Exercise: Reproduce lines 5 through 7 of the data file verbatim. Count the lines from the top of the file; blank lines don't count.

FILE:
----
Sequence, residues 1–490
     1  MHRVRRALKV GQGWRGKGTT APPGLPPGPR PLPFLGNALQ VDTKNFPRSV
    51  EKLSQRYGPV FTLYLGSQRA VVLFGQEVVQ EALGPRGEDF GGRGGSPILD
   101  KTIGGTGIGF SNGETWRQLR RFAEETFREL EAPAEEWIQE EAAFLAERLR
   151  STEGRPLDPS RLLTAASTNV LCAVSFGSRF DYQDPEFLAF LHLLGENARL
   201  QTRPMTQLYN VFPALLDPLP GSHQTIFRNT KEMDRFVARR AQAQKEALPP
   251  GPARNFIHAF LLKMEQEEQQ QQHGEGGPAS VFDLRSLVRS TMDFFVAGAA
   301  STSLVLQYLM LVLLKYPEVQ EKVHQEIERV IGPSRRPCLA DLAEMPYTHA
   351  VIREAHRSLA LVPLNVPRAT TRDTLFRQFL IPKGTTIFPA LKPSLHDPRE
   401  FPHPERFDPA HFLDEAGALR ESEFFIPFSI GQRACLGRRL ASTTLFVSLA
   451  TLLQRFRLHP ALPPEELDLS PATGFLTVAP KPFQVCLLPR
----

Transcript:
   151  STEGRPLDPS RLLTAASTNV LCAVSFGSRF DYQDPEFLAF LHLLGENARL
   201  QTRPMTQLYN VFPALLDPLP GSHQTIFRNT KEMDRFVARR AQAQKEALPP
   251  GPARNFIHAF LLKMEQEEQQ QQHGEGGPAS VFDLRSLVRS TMDFFVAGAA